Sunday, December 13, 2009

Financial Reform Bill

On Friday, December 11, the House passed the Wall Street Reform and Consumer Protection Act (HR 4173), a bill to overhaul and reform financial regulations.

A short summary of the bill's provisions can be read at the Reuters Factbox.

For eight years, President Bush and his Republican allies ignored growing risks in the financial markets as Wall Street and big banks exploited loopholes and harmed America’s families and small businesses. Their failure to regulate financial markets and control these risks left Wall Street and the big banks to gamble with our money, which compromised our future, our savings, and the American Dream. We know what happened: the worst financial crisis since the Great Depression. Wall Street reform is the next critical step to create jobs and grow the economy. As we rebuild our economy, we must put in place common-sense rules to ensure big banks and Wall Street can't jeopardize our recovery and hurt hard-working families and small businesses once again. Wall Street may be bouncing back, but we know from experience that left to their own devices they’re not going to police themselves.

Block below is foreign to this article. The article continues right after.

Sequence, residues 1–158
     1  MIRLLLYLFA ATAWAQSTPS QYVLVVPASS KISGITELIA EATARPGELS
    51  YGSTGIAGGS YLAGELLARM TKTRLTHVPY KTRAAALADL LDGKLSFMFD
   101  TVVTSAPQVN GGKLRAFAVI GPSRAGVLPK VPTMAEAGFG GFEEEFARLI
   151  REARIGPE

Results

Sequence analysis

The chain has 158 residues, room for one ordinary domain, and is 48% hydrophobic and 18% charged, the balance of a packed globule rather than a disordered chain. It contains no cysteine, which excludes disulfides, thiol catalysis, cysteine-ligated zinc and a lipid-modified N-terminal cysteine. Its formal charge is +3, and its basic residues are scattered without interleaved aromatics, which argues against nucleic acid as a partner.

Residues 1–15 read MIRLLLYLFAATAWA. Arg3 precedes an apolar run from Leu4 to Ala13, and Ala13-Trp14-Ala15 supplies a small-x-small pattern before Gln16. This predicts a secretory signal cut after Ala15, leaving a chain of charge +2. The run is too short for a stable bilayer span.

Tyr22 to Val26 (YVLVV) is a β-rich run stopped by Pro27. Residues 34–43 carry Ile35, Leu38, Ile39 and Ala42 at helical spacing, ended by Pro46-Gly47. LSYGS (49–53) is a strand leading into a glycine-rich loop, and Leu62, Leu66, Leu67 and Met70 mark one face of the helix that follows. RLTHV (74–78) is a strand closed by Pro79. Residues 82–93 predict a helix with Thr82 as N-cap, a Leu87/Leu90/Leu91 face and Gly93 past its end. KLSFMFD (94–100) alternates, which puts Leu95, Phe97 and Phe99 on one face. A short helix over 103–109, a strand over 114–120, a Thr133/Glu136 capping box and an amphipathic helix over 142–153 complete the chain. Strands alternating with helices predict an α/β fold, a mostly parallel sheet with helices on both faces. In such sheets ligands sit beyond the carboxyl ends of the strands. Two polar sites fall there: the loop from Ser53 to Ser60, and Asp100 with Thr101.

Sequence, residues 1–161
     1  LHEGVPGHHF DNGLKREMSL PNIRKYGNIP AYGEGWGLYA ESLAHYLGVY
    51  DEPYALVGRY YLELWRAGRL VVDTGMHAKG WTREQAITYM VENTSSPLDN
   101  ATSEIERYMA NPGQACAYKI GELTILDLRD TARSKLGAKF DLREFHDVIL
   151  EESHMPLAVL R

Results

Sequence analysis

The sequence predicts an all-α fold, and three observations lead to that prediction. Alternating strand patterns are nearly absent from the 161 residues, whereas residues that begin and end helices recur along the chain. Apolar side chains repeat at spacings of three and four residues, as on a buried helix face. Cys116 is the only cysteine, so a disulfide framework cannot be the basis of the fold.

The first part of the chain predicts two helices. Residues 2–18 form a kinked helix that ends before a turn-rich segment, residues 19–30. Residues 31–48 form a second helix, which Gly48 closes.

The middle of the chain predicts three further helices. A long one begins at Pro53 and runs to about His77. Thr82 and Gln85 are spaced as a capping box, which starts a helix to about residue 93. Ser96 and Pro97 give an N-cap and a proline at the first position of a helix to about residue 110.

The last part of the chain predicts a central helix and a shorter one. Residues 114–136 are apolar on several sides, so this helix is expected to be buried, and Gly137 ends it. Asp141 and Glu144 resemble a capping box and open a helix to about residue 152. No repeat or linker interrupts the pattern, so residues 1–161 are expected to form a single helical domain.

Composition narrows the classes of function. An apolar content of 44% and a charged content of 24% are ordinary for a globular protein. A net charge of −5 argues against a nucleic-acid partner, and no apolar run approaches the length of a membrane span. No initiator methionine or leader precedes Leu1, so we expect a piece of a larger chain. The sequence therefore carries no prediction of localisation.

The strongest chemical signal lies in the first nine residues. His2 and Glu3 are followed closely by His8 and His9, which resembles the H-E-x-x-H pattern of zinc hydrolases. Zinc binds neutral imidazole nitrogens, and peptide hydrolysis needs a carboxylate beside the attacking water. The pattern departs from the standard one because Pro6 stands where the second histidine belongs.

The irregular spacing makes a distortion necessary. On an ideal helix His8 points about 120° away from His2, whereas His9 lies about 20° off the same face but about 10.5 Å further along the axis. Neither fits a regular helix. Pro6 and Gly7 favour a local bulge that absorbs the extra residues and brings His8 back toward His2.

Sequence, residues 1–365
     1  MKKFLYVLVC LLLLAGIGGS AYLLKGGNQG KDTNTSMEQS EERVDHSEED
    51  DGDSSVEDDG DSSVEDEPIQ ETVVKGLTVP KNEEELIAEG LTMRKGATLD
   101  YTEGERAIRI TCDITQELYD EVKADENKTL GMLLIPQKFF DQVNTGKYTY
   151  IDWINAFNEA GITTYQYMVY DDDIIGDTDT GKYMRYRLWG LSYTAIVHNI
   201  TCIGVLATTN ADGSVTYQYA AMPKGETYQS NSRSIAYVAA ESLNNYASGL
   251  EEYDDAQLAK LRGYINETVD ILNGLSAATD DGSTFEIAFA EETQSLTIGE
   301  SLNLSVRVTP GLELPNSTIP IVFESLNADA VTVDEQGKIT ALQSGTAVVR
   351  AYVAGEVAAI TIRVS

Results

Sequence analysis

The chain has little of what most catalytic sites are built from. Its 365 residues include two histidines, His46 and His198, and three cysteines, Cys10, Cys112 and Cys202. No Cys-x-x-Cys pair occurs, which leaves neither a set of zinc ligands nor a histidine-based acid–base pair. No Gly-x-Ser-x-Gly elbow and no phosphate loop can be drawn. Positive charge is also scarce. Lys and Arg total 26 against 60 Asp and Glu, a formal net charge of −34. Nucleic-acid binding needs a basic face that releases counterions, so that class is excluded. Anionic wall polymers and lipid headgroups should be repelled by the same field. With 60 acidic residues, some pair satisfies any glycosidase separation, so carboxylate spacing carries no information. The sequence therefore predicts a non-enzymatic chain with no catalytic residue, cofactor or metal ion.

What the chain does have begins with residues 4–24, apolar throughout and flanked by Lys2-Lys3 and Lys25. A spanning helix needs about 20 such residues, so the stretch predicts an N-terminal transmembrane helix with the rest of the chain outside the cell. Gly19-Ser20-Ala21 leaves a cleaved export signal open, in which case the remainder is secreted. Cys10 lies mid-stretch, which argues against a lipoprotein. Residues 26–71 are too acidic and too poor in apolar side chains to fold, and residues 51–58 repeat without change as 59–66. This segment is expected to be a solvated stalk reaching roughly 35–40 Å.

On December 11th, the House passed the Wall Street Reform and Consumer Protection Act (HR 4173) by a vote of 223-202. This comprehensive financial regulation reform bill will enact common-sense reforms including ending bailouts by helping ensure taxpayers are never again on the hook for Wall Street’s risky behavior and bad bets; protecting families’ retirement funds, college savings, and homes and businesses’ financial futures from unnecessary risk by Wall Street lenders and speculators and high-paid corporate executives; protecting consumers from predatory lending abuses, fine print, and industry gimmicks; and finally bringing transparency and accountability to a financial system that has run amok.

More information:

Bill Summary

Bill Highlights

Full bill text

Summary of Title I - Financial Stability Improvement Act

Summary of Title II—Corporate and Financial Institution Compensation Fairness Act

Summary of Title III—Over-the-Counter Derivatives Markets Act

Summary of Title IV—Consumer Financial Protection Agency Act

Summary of Title V—Capital Markets

Summary of Title VI—Federal Insurance Office

Myths vs. Facts

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